One question WorldChanging loves to explore is how networks and new technologies can be used to enable progressive political and social change.
The Bureau of Inverse Technology, an artist's collaborative group, has long explored the more shadowy intersections of technology, private life, public acts, and surveillance. (Jamais wrote awhile back about feral robot dogs, a BIT-related project.) Lately their work is moving towards the realm of the participatory panopticon.
BIT recently launched Kurtz 911, a shout out line for the public to voice support for internationally-respected artist Steve Kurtz. Kurtz is an art professor at the State University of New York at Buffalo, and a member of the art collective Critical Art Ensemble, which creates works exploring the relationships between commerce, politics and biotechnology.
In late May, Kurtz awoke to find his wife dead of cardiac arrest. He dialed 911 for help. When the police arrived and saw his art supplies, which include biology lab equipment, they decided he might be a bioterrorist. The ensuing law enforcement juggernaut--"War on Terror" anxiety run amok--has been documented on many other web sites.
Net Art News writes about Kurtz 911,
A follow-up to its anti-terror line, which accumulates reports on civil liberty infringements, The Bureau of Inverse Technology has just launched the Kurtz shout out line in response to the persistent injustices served to artist Steve Kurtz and his collaborator Robert Ferrell. The Bureau writes the line was set up 'to capture the public outcry at the persecution of this man, the criminalization of dissent and the intimidation of academic inquiry.' By turning any phone (cell/home/booth) into a networked microphone, the Bureau encourages individuals, who might otherwise not feel authorized, to publicly state their opinions, digressions and raw sentiments on this incendiary case.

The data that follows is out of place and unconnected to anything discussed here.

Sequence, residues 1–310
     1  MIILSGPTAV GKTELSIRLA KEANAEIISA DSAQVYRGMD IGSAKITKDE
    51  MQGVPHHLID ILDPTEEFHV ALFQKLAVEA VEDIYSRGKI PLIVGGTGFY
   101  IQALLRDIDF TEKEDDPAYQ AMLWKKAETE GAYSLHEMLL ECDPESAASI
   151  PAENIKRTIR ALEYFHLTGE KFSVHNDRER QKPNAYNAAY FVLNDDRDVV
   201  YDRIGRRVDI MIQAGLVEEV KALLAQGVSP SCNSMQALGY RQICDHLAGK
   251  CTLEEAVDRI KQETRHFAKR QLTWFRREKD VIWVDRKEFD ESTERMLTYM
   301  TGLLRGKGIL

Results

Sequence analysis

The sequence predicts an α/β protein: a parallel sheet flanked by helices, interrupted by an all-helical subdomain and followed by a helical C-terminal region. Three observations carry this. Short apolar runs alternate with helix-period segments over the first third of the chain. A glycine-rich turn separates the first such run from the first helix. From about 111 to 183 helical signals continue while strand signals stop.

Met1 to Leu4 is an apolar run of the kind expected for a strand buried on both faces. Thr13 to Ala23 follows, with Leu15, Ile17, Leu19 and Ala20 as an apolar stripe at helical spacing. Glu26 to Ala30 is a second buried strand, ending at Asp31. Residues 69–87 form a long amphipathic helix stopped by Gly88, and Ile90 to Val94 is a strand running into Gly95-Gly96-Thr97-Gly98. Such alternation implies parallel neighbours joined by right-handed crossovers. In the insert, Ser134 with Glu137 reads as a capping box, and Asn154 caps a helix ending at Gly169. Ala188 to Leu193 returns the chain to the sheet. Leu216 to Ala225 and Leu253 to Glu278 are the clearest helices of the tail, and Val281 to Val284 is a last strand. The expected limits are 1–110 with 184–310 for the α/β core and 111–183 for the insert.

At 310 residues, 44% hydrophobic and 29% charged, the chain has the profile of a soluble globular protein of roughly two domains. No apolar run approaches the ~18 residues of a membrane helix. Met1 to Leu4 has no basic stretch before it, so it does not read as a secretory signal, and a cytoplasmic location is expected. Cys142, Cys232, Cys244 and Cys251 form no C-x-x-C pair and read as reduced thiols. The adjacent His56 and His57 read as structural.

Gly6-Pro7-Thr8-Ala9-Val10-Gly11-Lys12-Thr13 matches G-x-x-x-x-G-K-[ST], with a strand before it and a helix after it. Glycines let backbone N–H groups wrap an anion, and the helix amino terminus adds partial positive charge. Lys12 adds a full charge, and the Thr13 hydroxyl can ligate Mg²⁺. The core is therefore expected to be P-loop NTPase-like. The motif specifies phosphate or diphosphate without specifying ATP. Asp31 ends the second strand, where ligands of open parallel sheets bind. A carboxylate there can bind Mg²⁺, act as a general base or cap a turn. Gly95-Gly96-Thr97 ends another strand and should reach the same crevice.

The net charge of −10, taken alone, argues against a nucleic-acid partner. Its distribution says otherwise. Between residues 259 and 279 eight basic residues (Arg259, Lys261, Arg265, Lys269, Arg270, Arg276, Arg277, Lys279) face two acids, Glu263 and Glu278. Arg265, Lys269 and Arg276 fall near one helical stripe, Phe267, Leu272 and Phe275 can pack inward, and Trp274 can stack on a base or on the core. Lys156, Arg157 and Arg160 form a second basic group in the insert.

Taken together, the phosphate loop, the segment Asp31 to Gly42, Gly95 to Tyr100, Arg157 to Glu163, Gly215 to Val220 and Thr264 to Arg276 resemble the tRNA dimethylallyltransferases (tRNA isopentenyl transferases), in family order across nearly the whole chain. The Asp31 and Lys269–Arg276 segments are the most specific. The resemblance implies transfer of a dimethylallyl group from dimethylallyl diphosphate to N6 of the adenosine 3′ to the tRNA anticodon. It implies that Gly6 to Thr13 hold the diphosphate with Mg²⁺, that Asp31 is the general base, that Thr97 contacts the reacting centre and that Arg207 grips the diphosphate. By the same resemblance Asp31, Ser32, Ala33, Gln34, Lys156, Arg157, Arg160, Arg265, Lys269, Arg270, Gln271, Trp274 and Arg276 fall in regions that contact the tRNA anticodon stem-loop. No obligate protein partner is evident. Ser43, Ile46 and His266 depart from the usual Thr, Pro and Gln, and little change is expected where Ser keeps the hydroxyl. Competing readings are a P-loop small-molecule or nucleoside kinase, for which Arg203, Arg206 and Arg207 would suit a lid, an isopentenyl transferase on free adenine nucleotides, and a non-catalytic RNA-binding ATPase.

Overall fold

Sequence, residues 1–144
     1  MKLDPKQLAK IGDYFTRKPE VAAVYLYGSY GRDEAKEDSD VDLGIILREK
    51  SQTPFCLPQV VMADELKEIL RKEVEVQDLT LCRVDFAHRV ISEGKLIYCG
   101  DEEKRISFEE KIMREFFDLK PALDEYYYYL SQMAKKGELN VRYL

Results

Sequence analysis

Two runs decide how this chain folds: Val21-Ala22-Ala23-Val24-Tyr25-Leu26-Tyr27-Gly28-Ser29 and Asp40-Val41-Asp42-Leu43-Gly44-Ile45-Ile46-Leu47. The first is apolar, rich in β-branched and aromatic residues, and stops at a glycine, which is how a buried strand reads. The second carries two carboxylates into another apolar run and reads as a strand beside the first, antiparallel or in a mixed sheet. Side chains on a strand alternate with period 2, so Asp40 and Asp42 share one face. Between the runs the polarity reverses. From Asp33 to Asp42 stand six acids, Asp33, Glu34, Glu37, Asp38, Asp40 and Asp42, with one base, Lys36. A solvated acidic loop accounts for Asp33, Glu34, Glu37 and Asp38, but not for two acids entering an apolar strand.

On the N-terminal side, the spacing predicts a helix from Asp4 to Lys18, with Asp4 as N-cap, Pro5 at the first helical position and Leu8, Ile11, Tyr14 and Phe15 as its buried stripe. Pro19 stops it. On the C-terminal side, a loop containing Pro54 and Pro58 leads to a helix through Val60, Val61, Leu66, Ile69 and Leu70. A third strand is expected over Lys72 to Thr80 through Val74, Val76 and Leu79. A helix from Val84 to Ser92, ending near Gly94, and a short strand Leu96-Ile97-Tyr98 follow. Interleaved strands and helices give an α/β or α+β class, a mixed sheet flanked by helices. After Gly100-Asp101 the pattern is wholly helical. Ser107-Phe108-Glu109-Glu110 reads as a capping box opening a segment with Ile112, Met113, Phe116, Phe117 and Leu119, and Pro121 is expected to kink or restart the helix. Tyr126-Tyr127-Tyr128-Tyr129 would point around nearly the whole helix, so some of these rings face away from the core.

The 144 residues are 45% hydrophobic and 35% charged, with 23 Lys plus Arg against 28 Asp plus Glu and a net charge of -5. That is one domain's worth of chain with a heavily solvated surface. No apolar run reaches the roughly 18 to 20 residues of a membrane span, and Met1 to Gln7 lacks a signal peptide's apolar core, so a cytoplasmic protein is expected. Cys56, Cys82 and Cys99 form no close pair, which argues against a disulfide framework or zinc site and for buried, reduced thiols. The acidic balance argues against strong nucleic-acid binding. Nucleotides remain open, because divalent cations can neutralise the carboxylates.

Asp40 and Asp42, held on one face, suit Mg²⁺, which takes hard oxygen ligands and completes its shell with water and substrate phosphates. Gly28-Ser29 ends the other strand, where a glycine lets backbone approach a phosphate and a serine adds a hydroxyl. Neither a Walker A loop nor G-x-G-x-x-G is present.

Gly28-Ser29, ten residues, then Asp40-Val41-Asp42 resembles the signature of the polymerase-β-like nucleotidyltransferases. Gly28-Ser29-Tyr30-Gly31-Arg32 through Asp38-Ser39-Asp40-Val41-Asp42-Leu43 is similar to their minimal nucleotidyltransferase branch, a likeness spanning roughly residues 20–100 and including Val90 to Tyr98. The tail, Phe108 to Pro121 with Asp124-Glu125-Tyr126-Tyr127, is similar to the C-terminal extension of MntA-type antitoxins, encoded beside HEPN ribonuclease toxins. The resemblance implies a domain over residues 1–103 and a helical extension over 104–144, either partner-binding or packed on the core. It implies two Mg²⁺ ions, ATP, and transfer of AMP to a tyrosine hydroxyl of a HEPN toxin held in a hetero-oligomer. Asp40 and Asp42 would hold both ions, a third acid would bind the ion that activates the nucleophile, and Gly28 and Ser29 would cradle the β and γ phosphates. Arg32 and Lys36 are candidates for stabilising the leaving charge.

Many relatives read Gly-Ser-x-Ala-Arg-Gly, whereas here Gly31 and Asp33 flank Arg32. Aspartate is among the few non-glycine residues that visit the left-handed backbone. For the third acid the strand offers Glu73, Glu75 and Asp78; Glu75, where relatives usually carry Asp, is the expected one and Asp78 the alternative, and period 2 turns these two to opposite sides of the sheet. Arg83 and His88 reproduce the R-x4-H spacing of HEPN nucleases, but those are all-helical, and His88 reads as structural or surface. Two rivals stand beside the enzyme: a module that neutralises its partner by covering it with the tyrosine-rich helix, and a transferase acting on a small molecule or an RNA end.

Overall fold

Messages to the line are uploaded on BIT's website "for public listening, syndication, annotation and response. Uploads will be broadcast into the SUPERSONIC exhibition in Southern California through a massive horn, HORN MASSIVE, reverberating on the other side of the country."
There is also an interesting forum being started about online censorship in South Korea (especially related to blogs being censored) at http://blinger.org/phpBB2/
Networks seem particularly vulnerble to state suppression. What is striking and frightening about Kurtz's situation is the level of attempted suppression being brought to bear on critical thinking and artmaking in the U.S.
Want to mention that the CAE Defense Fund is raising money to help with legal costs: http://www.caedefensefund.org/. A very real way to help out, in addition to shouting out.
It is great that people are creatively and constructively speaking out, giving a "smart shout", opposed to a dumb riot. The U.S. Patriot Act (at least those parts affected) will not be missed when it "sunsets".
All that said I've heard the argument in quite black and white terms lately and would like to pointout that it was a flight trainer who felt he had a suspicious request that lead to the detainment of Zacharia Mousoui and the "gut instinct" of a U.S. border guard that prevented the Los Angeles portion of the Millenium bombing.
So maybe some forward thinking is needed to give a moderate answer to homeland security.